"Harvard Man" is the movie James Toback always wanted to make about his 1965 flip-out on LSD, a trip that lasted eight days. The movie feels like nine. A rambling, unconvincing sprawl at only 100 minutes, its surface repeatedly and numbingly punctured by wooden pegs of dialogue, it has none of the rapscallion energy of Toback's best movies.
The rambunctious sexuality of "The Pickup Artist" is nowhere to be found. And "Two Girls and a Guy," which treated testosterone as if it were an addition to the four humours -- a bodily substance that could mess up your whole life by going out of whack -- approached the subject of sexual addiction (and the weird ways in which it can intertwine with love) with both good humor and a mournful resonance. "Harvard Man" is shallower and a lot less fun than either of those movies. It's exactly the kind of movie Toback's detractors always accuse him of making.
"Harvard Man" tells the story of a brainy Harvard philosophy major and basketball player named Alan (Adrian Grenier), who gets into trouble illegally raising money to buy a new house for his parents, whose old one was destroyed by a tornado. Meanwhile, he searches for enlightenment by taking drugs and screwing a lot. His two favorite squeezes of the moment are his philosophy teacher, Chesney Cort (Joey Lauren Adams), and his sometime girlfriend, a Holy Cross cheerleader named Cindy Bendolini (Sarah Michelle Gellar), whose mob-kingpin father (played by Gianni Russo, who, in younger days, played Talia Shire's cheating husband in "The Godfather") just may have the means to get Alan the money he needs.
The movie would have been better if it were just about sex, drugs and basketball. As it is, the money-raising scheme feels like a ridiculous patch-on to the story, a feeble excuse to give a few jolts of forward motion and some semblance of a plot. Even so, there are only a few basketball sequences in the movie, and they're not particularly exciting or well shot; the drug scenes consist mostly of people's faces being distorted by the camera lens so they look as if they were made out of Silly Putty (it's a good enough effect the first time you see it, but it loses impact every time thereafter); and the most memorable sex scene is an episode of awkward humping in the woods -- there's nothing sexy about it.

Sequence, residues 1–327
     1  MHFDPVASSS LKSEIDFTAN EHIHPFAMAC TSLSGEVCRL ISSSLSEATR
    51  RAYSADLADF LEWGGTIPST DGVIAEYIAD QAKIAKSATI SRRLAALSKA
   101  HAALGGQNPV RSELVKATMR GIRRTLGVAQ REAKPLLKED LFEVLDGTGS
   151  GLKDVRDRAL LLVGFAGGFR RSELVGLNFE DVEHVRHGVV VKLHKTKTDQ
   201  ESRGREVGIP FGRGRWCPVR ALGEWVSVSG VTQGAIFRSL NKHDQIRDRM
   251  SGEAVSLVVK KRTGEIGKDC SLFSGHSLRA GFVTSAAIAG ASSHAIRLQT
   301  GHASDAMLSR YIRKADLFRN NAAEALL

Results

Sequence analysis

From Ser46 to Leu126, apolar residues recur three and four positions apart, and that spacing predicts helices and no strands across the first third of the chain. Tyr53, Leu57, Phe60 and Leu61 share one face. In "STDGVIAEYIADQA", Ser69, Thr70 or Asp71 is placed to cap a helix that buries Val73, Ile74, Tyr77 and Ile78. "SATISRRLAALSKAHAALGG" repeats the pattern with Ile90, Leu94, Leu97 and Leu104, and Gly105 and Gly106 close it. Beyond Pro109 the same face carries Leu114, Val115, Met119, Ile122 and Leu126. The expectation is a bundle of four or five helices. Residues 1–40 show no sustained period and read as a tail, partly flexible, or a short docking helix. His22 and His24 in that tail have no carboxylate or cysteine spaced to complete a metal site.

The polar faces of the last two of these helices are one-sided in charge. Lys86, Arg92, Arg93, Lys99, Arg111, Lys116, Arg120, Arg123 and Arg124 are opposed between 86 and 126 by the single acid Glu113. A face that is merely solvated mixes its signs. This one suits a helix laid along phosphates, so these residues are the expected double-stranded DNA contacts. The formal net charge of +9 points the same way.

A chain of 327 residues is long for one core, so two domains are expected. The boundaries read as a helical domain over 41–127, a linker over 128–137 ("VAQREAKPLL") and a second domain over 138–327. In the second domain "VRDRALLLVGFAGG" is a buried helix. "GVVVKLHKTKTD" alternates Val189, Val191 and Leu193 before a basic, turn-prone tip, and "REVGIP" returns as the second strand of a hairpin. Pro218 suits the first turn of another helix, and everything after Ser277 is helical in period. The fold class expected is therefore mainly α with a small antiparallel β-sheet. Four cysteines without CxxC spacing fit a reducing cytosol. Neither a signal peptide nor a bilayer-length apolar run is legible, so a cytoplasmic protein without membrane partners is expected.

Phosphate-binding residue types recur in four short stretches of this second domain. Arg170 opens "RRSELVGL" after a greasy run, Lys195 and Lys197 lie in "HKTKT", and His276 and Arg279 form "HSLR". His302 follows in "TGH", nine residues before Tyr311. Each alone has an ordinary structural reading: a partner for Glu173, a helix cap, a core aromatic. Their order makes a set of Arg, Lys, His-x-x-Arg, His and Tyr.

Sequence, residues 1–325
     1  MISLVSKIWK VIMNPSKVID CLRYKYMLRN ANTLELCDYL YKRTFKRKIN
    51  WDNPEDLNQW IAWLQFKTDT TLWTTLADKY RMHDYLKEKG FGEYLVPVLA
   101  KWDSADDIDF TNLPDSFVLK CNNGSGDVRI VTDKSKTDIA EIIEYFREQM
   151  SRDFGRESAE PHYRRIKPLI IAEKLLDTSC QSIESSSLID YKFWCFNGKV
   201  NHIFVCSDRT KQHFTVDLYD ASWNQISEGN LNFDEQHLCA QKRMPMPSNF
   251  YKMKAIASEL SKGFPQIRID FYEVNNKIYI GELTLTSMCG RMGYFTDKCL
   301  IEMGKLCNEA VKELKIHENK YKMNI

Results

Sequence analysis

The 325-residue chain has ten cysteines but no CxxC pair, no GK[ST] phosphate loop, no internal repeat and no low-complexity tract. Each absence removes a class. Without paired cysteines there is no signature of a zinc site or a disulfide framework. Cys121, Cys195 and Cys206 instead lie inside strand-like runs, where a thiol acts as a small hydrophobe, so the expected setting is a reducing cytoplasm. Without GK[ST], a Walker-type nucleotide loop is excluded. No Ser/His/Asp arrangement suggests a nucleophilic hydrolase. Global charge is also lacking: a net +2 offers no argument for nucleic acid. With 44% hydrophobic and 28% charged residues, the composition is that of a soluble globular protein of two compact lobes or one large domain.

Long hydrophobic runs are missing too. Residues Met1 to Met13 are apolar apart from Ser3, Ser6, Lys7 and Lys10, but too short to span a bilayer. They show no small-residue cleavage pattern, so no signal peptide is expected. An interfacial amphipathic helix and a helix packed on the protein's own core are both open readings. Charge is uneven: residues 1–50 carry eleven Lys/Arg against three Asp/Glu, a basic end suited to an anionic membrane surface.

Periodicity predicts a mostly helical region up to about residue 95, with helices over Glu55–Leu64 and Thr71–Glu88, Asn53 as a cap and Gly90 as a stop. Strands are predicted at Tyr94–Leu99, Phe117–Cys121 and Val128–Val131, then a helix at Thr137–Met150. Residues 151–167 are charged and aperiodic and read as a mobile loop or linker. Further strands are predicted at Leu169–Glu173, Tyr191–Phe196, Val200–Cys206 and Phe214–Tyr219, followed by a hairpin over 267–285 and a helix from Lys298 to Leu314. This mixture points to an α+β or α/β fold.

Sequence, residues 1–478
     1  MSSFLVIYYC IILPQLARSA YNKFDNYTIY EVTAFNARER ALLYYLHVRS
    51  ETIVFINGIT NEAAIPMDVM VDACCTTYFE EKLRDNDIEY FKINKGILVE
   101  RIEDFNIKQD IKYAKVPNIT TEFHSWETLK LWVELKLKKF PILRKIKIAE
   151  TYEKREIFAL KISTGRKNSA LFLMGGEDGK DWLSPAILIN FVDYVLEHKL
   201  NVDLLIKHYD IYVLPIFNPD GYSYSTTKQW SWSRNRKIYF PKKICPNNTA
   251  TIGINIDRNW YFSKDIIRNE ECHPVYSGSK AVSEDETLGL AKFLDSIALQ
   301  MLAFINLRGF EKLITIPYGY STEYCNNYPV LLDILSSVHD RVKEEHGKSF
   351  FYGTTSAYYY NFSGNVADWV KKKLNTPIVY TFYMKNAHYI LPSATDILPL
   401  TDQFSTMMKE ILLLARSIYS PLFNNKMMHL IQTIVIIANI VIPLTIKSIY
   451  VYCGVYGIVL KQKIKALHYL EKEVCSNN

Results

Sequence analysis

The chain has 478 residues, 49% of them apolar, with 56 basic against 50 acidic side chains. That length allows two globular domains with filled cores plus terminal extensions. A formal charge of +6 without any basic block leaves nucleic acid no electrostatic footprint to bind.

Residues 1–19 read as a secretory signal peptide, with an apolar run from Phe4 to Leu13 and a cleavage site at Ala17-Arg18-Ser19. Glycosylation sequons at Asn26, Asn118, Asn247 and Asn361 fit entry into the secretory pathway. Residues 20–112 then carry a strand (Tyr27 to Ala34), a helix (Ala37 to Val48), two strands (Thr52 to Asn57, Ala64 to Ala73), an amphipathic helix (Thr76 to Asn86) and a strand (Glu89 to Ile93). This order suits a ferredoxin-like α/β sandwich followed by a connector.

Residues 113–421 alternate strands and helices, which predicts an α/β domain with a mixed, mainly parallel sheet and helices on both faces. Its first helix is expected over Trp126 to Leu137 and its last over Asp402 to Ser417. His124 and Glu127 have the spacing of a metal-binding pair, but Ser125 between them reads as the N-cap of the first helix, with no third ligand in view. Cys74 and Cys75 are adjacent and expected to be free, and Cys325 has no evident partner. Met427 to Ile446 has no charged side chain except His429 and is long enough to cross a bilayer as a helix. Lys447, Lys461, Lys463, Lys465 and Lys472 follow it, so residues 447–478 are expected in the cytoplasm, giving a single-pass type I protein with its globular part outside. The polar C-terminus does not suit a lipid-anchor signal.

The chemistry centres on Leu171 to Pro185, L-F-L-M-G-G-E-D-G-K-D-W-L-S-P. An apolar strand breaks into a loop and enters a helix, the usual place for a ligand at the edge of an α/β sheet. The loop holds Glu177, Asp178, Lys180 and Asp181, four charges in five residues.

And that's the major trouble with "Harvard Man." Say what you want about Toback's movies: He doesn't care if people think he's a dirty dawg, which is exactly what has made his best pictures feel so honest and refreshing. (Masculine sexuality can be a pretty rough beast, but that doesn't mean it has to be reduced to absurd frat-house sex jokes, and Toback has shown more awareness of that than anybody.) But the sex in "Harvard Man" is eminently forgettable, a lot of grunting and sweating for no real payoff, either in terms of plot or simple getting off. The movie is so adamantly about sex that it ceases to be about sex at all.
Gellar, who has proved to be such a terrific actress in "Buffy the Vampire Slayer," and who showed a devilish spark of fun in "Cruel Intentions," bops her way mindlessly through this movie. Grenier is a good-looking fellow, with smoldering, intense eyes, but he absorbs the camera's gaze and gives absolutely nothing back. We're repeatedly told what a sexy kid he is, by his actions and by the way the women in his life fawn over him, but he's really just a bland receptor.
Adams is miscast as a Harvard philosophy professor, and yet she's the one person here (including Toback) who seems to have a sense of what the movie should be about. We know her character is smart, since we get to sit in on parts of her lectures about Heidegger and Kierkegaard. But that intelligence also shows in the confident way Adams carries herself, the way she puts that raspy-kitten voice to work. Adams is about the only actor here who realizes that showing and not telling is what matters, and the movie whirs with a bit more life when she's on-screen.
"Harvard Man" does feature one fabulous effect: The tripping Alan watches in awe as the Gauguin poster that hangs in his dorm room comes to life, distracting him (understandably) from the serious conversation in which Chesney is trying to engage him. One of Gauguin's Tahitian beauties steps forth, her head wreathed in flowers, her living-sculpture breasts quivering just slightly. The girl from the painting gently nuzzles Chesney from behind; it's an inspired and sensually charged sequence, but it only heightens the clumsiness of the rest of this paint-by-numbers exercise. Sure, sex and drugs can take you to a higher plane. But not if a movie crushes your will to live first.